Your mental and physical health are directly related to one another. However, because physical health is harder to ignore than mental well-being, people are more likely to prioritise their physical health. Mental Health Week, being held this year from 16th-22nd May, is the perfect time to consider implementing some lifestyle changes.
1. Improve your diet
According to the Mental Health Foundation, mental health and good nutrition are directly related and many of the prevalent mental health conditions are triggered by dietary factors. The Foundation also says that almost two-thirds of people who don't report mental health issues eat fresh fruit or fruit juice on a daily basis, while less than 50 per cent of those who do experience mental health problems eat fruit. The results are similar for vegetables.
Your diet should include sufficient servings of amino acids, minerals, vitamins, complex carbohydrates, essential fats and water. These dietary components will make it easier for you to balance your moods and emotions.
2. Incorporate exercise into your regular routine
The NHS says that physical activity can have significant effects on mental health. It can even help people who are already depressed or stressed. Many researchers believe that this is the case because exercise increases self-esteem, motivation, self-control and promotes goal setting. If you don't want to spend time at the gym, this isn't the only way to get in regular physical activity. You can cycle, walk, swim or try any activity that you enjoy for the recommended 150 minutes per week to reap the benefits of exercise. Consider taking advantage of the social aspect of exercise by inviting friends or loved ones to join you or by joining an exercise class.
3. Prioritise sleep
While it's not always possible to sleep for a full eight hours due to factors like stress or responsibilities that keep you up late or require you to rise early, doing your best to get a good night's rest as often as possible is fundamental to your mental and physical health. To help, avoid alcohol, caffeine and heavy meals before bed. It's also best to exercise during the day instead of close to your bedtime. Evidence shows that putting electronic devices away before going to bed is another way to enhance sleep quality. If you're experiencing trouble falling asleep, try practising relaxation techniques that make it easier to drift off if you're feeling anxious or stressed.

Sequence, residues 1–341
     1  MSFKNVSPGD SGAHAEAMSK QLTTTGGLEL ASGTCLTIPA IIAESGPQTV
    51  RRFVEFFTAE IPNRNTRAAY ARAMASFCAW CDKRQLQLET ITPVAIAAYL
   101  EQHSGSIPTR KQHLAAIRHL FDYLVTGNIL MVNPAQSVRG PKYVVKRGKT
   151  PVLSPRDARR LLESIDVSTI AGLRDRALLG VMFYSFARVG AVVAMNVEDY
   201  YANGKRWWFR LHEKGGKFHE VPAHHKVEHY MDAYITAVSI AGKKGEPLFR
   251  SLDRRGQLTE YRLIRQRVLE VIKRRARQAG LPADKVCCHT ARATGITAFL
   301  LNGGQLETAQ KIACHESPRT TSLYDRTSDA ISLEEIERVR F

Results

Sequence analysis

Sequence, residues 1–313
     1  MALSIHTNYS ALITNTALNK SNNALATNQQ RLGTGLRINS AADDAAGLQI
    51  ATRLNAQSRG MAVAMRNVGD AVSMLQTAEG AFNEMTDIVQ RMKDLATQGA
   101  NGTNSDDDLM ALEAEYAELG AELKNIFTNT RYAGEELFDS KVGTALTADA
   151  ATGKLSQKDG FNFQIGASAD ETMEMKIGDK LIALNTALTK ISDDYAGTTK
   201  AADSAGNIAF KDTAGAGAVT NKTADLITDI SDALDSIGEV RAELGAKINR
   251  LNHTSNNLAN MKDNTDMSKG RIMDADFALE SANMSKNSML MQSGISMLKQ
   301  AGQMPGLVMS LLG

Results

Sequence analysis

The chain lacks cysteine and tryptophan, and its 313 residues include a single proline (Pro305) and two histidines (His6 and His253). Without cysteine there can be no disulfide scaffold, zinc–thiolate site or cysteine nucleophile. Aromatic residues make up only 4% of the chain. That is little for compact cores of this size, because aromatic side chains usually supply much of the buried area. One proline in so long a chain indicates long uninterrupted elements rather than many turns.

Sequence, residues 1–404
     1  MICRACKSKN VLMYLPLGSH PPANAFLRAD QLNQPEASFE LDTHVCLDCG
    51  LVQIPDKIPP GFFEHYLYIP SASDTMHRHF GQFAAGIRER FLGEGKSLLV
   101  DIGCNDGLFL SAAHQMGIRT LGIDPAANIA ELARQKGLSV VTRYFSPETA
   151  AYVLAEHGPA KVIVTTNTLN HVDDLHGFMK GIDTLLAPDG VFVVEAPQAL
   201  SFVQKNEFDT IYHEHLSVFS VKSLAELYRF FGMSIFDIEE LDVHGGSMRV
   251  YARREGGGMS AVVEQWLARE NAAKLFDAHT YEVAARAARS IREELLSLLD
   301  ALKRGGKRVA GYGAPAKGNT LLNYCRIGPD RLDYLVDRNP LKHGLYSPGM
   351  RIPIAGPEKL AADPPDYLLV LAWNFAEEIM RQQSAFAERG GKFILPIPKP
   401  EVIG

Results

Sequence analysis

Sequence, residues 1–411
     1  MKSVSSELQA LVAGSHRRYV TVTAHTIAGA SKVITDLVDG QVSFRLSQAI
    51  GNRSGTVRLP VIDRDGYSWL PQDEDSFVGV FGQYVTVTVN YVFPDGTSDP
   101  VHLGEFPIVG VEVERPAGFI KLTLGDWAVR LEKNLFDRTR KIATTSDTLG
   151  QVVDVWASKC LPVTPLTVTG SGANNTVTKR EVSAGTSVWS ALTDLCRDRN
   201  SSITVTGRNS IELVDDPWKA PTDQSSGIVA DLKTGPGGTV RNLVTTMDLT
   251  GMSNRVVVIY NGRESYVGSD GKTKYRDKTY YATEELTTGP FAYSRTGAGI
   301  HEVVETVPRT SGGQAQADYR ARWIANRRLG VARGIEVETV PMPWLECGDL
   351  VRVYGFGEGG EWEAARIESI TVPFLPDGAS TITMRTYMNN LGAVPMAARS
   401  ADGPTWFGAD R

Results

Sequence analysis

"You may receive valuable input from others on ways to cope."
4. Surround yourself with people you trust and love
When you have a solid support system available when you're stressed or sad, you're more likely to talk about your emotions instead of bottling them up and dealing with them in unhealthy ways. You may receive valuable input from others on ways to cope with difficult situations instead of feeling like you're on your own.
If the thought of setting aside a specific time to sit down and discuss your feelings with your friends or family makes you uncomfortable, let the conversation come up naturally when the time is right, such as when you're on a walk together.
5. Practise relaxation techniques
When you have a lot going on in your life, it can be challenging to relax and see certain situations from a different perspective. Sometimes seeing the larger picture is key to feeling more in control, happy and at peace during high-anxiety situations. Mindfulness meditation is one way to regain calm when stress begins to take a toll on your daily life. America's Carnegie Mellon University in Pennsylvania, conducted a study that showed as little as 25 minutes of mindfulness meditation for three days can lower stress levels and build resilience.
At Gracewell care homes, our dedicated staff organise regular activities that residents can choose from on a daily basis to ensure they're socially and physically active. Our professional chefs also prepare a tasty and nutritious menu so residents can easily maintain a healthy diet. To learn more about how we can help, or to find a location near you, contact us today.